Traditional American blues came to Black Deer in the form of multi-instrumentalist and inuendo raconteur Jerron ‘Blind Boy’ Paxton. Paxton is a talented young man keeping the songs of his heritage alive, playing ragtime, blues, reels and zydeco songs. “My name is Jerron and I’m from South Central L.A.” he began. “I’m going to play you a song about hell. But hell is not South Central. Hell is a place called Alabama, people come from Alabama to South Central.” He then played Alabama Bound, an early blues song heavily influenced by ragtime. With two solo sets at Black Deer Paxton showed his virtuosity by playing banjo, guitar, violin, harmonica, piano and the bones (like wooden spoons). He plays traditional blues classics. Close your eyes and you think you are listening to one of the old blues masters, not a thirty year-old.
Paxton is a born entertainer, full of witty asides and bawdy banter, some contained by double-entendres, some not. “Here’s some advice” he says, “Never spit in the wind. Never tread on Superman’s cape, and never make love to someone you wouldn’t kiss.”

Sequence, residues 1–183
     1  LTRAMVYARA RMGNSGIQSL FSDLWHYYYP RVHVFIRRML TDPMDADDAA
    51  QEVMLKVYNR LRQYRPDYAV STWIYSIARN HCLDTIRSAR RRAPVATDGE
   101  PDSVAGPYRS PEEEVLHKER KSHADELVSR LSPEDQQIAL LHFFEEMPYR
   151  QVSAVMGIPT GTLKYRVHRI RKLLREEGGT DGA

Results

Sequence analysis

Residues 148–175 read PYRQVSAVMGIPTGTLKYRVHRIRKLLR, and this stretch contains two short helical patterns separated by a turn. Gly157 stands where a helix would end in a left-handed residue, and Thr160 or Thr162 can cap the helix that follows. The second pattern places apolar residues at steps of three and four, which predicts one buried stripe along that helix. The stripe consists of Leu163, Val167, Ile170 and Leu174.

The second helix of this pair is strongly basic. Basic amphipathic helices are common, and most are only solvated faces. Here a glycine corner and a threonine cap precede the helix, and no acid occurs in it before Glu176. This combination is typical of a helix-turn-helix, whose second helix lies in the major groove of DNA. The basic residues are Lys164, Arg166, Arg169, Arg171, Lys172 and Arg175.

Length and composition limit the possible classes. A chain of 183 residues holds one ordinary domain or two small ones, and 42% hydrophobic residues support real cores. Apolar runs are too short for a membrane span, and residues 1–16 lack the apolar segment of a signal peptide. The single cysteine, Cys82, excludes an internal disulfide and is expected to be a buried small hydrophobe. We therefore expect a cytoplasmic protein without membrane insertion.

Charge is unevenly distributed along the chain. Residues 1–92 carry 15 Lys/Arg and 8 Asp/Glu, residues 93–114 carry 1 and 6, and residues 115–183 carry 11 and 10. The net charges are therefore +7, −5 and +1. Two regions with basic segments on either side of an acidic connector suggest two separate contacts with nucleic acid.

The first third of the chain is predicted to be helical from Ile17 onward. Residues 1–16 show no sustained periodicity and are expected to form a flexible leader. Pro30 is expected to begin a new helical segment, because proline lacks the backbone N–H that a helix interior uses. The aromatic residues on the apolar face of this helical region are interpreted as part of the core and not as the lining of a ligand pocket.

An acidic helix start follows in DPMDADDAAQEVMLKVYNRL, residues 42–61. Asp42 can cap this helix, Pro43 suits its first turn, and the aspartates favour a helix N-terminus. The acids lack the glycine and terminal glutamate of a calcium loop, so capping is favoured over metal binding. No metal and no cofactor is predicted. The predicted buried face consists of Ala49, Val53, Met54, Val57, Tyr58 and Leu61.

The old tracks kept on coming; Candyman, Take A Whiff Of Me, Railroad Bill, the Gene Autry song Silver Haired Daddy Of Mine sung by Johnny Cash, and a wonderful piano version of Nobody Loves You When You’re down And Out. Frenetic stride piano, banjo behind his head, bowing and plucking the violin simultaneously, playing harmonica and the bones together – Paxton is a spectacular musical talent.
The audiences loved him and his repartee. From the side of the stage Ben Nichols, frontman of Texan rockers Lucero who were on stage after Paxton, looked on. Such different types of music sharing the same stage shows the wide range of quality acts at the Black Deer festival.
Words and Live Photo by Chaz Brooks